Rule 50 Explained

What is Rule 50?

Rule 50 of the Olympic Charter provides a framework to protect the neutrality of sport and the Olympic Games. In addition to prohibiting commercial installations and advertising signs, it states that: “No kind of demonstration or political, religious or racial propaganda is permitted in any Olympic sites, venues or other areas”.

Why does the rule exist and how does it help athletes?

The IOC and the IOC Athletes’ Commission are fully supportive of freedom of expression, and this is also a principle included in the Athletes’ Rights and Responsibilities Declaration. At the same time, the IOC wants to respect other athletes on the field of play and athletes celebrating their special moment on the podium.

Rule 50 is in place to keep the field of play, the Olympic Village and the podium neutral and free from any form of political, religious or ethnic demonstrations. We believe the focus at the Olympic Games must remain on athletes’ performances, sport and the international unity and harmony that the Olympic Movement seeks to advance.

When an individual makes their grievances, however legitimate, more important than the feelings of their competitors and the competition itself, the unity and harmony as well as the celebration of sport and human accomplishment are diminished. The aim of Rule 50 is that each and every athlete can enjoy the experience of the Olympic Games without any divisive disruption.

What opportunities are there for me to express my views at the Olympic Games?

There are already multiple opportunities at Games time for athletes to fully and openly express their views, including in official press conferences, through social and traditional media, and at mixed zones in competition venues. In non-Olympic venues, there are no restrictions.

The expression of views in these spaces should still be respectful and in line with the Olympic values and rules.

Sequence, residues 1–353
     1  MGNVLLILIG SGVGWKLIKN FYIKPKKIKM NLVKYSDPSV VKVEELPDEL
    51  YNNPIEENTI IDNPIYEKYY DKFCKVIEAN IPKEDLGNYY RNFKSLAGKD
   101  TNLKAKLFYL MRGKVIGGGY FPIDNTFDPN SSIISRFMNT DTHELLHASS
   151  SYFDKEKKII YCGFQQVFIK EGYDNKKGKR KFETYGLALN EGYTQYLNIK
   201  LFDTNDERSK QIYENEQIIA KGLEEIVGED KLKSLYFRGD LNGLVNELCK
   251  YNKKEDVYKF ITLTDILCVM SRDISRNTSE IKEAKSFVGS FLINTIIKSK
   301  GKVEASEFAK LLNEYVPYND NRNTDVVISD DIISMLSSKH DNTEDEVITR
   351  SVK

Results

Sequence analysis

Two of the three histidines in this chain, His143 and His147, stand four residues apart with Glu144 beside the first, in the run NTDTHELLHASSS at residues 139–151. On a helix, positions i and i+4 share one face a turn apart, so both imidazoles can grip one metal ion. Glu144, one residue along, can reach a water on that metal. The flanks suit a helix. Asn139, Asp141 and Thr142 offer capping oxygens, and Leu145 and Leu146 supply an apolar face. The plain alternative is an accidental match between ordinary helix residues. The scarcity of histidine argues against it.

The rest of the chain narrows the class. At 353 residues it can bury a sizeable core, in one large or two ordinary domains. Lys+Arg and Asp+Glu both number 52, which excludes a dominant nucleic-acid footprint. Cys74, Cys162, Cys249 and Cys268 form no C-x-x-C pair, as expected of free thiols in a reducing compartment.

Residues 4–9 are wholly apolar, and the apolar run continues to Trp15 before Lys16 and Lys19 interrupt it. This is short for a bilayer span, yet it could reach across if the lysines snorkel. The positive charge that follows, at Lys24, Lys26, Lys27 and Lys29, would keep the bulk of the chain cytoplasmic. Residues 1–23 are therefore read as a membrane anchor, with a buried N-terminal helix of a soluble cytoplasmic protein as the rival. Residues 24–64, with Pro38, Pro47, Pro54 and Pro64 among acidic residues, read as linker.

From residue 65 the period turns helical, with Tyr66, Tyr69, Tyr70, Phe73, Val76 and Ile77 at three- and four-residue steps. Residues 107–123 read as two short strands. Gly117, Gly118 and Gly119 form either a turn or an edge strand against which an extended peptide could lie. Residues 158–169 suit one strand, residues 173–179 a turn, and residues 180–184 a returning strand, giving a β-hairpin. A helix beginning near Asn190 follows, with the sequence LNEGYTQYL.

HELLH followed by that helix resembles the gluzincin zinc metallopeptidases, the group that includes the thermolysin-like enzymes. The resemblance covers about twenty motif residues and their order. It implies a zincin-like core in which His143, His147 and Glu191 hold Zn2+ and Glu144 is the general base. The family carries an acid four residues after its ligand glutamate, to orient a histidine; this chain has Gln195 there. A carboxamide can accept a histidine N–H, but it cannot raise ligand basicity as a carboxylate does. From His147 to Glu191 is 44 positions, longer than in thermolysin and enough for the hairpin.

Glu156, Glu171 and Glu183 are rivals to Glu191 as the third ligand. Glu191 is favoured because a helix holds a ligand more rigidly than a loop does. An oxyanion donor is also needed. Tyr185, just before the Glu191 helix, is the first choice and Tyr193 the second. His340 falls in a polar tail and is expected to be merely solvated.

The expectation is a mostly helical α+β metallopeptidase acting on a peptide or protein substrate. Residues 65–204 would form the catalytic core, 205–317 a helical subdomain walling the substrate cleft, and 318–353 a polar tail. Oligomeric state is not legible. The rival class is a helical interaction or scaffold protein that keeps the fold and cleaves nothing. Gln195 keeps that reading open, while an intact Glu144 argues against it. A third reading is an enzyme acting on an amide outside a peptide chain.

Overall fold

Where are protests and demonstrations not permitted during the Olympic Games?

Rule 50 intends to preserve the field of play and podium from any protest, to respect our fellow athletes and their special “moment” and allow them to focus on their performance. Examples of what would constitute a protest include displaying any political messaging, including signs or armbands; gestures of a political nature, like a hand gesture or kneeling; and refusal to follow the Ceremonies protocol.

Why were the Rule 50 Guidelines produced and how can they help me?

Although Rule 50 of the Olympic Charter has been providing a framework to protect the neutrality of sport and the Olympic Games for many years, it was felt that there was a need to provide clear guidelines to athletes as to when and where you can express their views during the Games.

In 2019, the IOC AC consulted with the global athlete community while drafting the Rule 50 Guidelines, which were published earlier this year. The guidelines are intended to provide clarity on the existing opportunities you have to express your views at the Olympic Games, and where is not appropriate. 

We encourage you to read the Guidelines and if you have any feedback or questions for the IOC Athletes’ Commission about Rule 50, feel free to contact us at